Tests of the episodic mass accretion model for low-mass star formation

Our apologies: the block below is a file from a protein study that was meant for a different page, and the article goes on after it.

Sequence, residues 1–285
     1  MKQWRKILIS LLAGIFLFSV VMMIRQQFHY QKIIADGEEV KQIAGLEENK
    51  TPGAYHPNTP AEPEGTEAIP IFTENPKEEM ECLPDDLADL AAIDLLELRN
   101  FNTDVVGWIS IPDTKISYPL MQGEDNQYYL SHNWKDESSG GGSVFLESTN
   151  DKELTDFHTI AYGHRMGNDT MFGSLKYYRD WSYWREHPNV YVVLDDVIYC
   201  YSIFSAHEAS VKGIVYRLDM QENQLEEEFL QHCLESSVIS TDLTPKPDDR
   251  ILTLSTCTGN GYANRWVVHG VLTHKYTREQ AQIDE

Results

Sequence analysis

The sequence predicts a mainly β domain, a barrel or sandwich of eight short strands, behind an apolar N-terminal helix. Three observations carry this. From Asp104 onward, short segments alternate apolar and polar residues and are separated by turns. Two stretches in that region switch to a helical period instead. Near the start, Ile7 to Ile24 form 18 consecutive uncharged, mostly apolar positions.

A wide range of observed luminosities of young forming stars conflicts with predictions of the standard star formation model, which features a constant accretion rate. To resolve this discrepancy, an episodic accretion model has been suggested. The focus of this dissertation is to test this model in low mass star formation. I present new observations of the CB130 region. The observed photometric data from Spitzer and ground-based telescopes are used to determine the luminosity, and radiative transfer modeling of dust and gas are used to characterize the envelope and disk. I compare molecular line observations to models to constrain the chemical characteristics and abundance variations. Based on the chemical model result and molecular line observations, the low luminosity of the embedded protostar is explained better as a quiescent stage between episodic accretion bursts rather than as the first hydrostatic core stage. I present CO₂ ice observations toward 19 low luminosity embedded protostars. About half of the sources have evidence for pure CO₂ ice, and six have significant double-peaked features, which are strong evidence of pure CO₂ ice. The presence of detectable amounts of pure CO₂ ice signify a higher past luminosity, consistent with the past high accretion. Using chemical evolution modeling, the episodic accretion scenario, in which mixed CO-CO₂ ice is converted to pure CO₂ ice during each high luminosity phase, explains the presence of pure CO₂ ice, the total amount of CO₂ ice, and the observed residual C18O gas. I used CARMA to observe a sample of embedded protostars that spans the full range of protostellar luminosities, especially lower luminosity sources. The standard model predicts the disk mass increases steadily while the episodic accretion model predicts no clear relationship between disk mass and bolometric temperature. Masses of six detected disks spread out regardless of bolometric temperature. With the pure CO₂ ice detection, I can explain disk masses of the source in the context of episodic mass accretion. I conclude that episodic mass accretion provides a good explanation of the low luminosity of protostars, molecular line strength, pure CO₂ ice detection, total CO₂ ice amount and spread of disk masses.